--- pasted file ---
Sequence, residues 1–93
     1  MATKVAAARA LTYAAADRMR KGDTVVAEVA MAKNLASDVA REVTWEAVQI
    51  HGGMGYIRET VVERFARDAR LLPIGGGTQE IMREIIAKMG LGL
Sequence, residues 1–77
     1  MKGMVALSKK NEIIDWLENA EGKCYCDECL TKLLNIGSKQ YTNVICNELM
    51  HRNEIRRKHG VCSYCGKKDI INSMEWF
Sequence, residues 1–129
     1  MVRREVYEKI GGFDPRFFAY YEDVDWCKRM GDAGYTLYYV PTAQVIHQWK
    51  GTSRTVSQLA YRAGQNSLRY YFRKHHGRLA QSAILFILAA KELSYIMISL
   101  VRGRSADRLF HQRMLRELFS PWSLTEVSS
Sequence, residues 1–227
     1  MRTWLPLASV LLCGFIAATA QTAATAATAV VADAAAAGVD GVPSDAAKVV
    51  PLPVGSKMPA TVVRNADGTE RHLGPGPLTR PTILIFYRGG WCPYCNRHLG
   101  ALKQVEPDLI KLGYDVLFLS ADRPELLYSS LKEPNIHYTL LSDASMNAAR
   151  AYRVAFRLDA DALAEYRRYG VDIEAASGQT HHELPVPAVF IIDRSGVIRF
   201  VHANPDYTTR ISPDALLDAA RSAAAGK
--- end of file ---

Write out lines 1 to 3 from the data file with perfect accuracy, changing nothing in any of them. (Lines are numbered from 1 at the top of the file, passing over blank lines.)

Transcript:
Sequence, residues 1–93
     1  MATKVAAARA LTYAAADRMR KGDTVVAEVA MAKNLASDVA REVTWEAVQI
    51  HGGMGYIRET VVERFARDAR LLPIGGGTQE IMREIIAKMG LGL